Cajón drums are wood drums native to South America with deeper roots in the Africa. The cajon is a wood rectangular prism, with two thin faces. One of the thin sides, usually the back, has a large hole to allow sound to travel out. The front face can be struck with the hand, mallets or brushes to create different sounds.
Construction couldn’t be simpler. Cut out four sides of a box using whatever means you have from a sheet of plywood. I use a table saw now, but my students and I have used jig saws with guides, circular saws with guides, even a handsaws.
I often make a long rip (cutting out the depth of the box) cut first. I then cross-cut the piece into its four components in order to end up with four pieces which form a square, rectangular frame. I then cut a thin rectangle from a piece of thin (1/4” or thinner) plywood. I glue the four thick sides together into a frame, wait a day, then glue the top and bottom on, weighted down with books or clamped to the workbench.
Lastly, drill a large hole using a drill press or hand-held drill. Be sure to clamp your work piece down. Bits tend to bind when cutting large holes (meaning the bind will throw the drill or the workpiece around). Be safe and go slow!
picture courtesy of flikr user theclyde, cc license
MakerEd teachers live and breathe materials. You can’t have hands-on, constructivist education with out materials to hands-on construct. I have three rules when acquiring material.
Rule 1: Always accept donations of lots of materials. Twenty golf balls? YES PLEASE! A pile of dried logs? Yes, I could use that. One robot kit, which only one kid can build at a time? Not as interested. Small quantities of materials can certainly be interesting, but more often than not, the material will
go unused and unloved.
Rule 2: Buy in bulk, but only materials which can be used in different projects. For example, I buy tons of paper, tons of glues, tons of craft sticks and materials. I don’t invest in a variety of electronic components which will only be for one or two projects. I try to find something I can reuse next year, or repurpose into different projects.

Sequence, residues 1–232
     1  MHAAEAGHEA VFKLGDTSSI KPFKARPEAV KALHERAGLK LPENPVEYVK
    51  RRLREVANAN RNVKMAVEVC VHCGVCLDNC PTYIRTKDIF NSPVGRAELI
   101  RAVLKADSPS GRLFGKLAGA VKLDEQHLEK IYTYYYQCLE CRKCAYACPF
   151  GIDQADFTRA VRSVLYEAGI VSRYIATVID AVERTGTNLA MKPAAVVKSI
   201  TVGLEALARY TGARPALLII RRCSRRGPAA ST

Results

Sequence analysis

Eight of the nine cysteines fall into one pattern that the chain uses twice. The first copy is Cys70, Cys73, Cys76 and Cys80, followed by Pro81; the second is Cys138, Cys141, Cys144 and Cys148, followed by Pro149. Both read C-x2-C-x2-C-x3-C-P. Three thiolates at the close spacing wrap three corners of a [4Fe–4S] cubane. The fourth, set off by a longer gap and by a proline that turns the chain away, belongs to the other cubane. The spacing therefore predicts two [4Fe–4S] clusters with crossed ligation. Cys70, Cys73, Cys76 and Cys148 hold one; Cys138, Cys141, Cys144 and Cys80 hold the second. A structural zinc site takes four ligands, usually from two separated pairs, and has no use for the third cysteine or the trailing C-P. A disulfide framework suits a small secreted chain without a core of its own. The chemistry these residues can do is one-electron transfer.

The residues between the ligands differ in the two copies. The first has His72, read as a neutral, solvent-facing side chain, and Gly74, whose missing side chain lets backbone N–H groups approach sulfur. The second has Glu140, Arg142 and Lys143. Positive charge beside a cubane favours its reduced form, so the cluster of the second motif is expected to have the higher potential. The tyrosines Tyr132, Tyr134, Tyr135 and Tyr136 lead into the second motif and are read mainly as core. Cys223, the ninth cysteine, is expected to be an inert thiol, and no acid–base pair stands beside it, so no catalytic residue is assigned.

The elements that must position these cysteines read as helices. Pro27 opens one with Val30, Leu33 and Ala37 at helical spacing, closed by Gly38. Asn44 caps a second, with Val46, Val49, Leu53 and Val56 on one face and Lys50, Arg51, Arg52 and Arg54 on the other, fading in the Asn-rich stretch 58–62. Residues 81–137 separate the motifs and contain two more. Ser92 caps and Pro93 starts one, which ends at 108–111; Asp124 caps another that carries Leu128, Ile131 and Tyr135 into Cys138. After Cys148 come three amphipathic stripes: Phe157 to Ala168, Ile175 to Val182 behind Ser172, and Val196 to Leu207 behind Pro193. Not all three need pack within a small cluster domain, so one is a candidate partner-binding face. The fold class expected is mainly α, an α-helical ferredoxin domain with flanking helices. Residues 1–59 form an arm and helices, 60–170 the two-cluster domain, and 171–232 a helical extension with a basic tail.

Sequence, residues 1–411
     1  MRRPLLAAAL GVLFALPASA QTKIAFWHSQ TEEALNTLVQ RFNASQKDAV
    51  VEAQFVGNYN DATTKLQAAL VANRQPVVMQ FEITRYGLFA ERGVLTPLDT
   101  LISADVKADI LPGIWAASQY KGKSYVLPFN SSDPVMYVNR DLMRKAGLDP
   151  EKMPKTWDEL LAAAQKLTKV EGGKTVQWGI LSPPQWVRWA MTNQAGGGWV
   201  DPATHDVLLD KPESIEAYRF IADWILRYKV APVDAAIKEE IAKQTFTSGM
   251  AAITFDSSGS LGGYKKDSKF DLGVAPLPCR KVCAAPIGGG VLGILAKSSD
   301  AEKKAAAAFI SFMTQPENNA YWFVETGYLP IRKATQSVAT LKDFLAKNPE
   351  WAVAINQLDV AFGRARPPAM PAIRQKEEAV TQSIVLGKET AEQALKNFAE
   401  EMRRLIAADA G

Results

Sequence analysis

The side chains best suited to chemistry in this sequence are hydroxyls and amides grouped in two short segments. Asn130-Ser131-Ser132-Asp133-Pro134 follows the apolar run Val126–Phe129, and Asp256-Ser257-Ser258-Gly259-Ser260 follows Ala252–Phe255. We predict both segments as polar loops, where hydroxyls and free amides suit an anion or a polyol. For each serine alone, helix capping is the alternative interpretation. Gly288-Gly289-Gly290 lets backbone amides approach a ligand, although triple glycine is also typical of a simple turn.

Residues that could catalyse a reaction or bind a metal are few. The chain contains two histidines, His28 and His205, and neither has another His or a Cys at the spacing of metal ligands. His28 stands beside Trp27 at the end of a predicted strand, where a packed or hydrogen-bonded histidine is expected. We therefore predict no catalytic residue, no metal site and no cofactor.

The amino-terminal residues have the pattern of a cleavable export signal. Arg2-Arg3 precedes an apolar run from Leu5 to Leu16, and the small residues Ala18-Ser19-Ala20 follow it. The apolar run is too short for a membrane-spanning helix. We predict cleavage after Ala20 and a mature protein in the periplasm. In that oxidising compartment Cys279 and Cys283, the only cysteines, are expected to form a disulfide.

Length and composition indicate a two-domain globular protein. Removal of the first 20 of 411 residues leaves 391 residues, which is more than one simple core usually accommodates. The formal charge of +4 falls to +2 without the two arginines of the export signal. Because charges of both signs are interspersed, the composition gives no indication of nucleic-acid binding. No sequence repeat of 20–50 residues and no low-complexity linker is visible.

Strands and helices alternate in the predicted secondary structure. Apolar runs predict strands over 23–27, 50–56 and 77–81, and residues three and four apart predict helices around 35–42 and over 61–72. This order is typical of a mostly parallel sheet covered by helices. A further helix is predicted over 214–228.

Rule 3: Kits for however many kids I have. Many MakerEd teachers advocate for a each student to have their own project of their own design, which means small amounts of a variety of materials. It also means specialized purchases, individual shipping, lots of vendors, lots of hassle. I’ve seen many a great project linger and student get discouraged or distracted because of a week of authorization, purchasing and shipping. Instead, I opt for “platform” projects which can launch a kid’s imagination. For these drums, I created twenty large boxes from donated/salvaged plywood. These boxes ended up as drums, cameras, boxes, woodburning projects, etc. Another example are the physics carriages we make to study motion. The kits become CO2 carts, derby racers, motion trackers, safety cart testers, etc. While my kids start off in the same place, they get to make their destination their own.
Students can come up with their own variations on the drum theme. Many students added metal springs to make a snare drum, changed the hole size or experimented with drum shape and cover material. Lots of places to go, once the student catch the bug of basic construction. Lastly, bigger drums work MUCH better than smaller drums. I really enjoy the sound of a box about 2’ high, 12 – 18” wide and 12” deep. That should give you a rich boom when you play it. Happy playing!
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Make it safe & keep the rubberside down.
One thought on “This Week in the Classroom: Cajón Drums”
Cajons normally have snares, like snare drums.
These can be found for little money and are typically cut in two before fitting, so you can actually fit two instruments (or double it in one to get more sound out of it, but it is nice to offset the position so one side of the cajon will have less snare sound and more timbre variety).
Adding the snare would not increae much the complexity of the project, but it makes for a stunning difference, musically.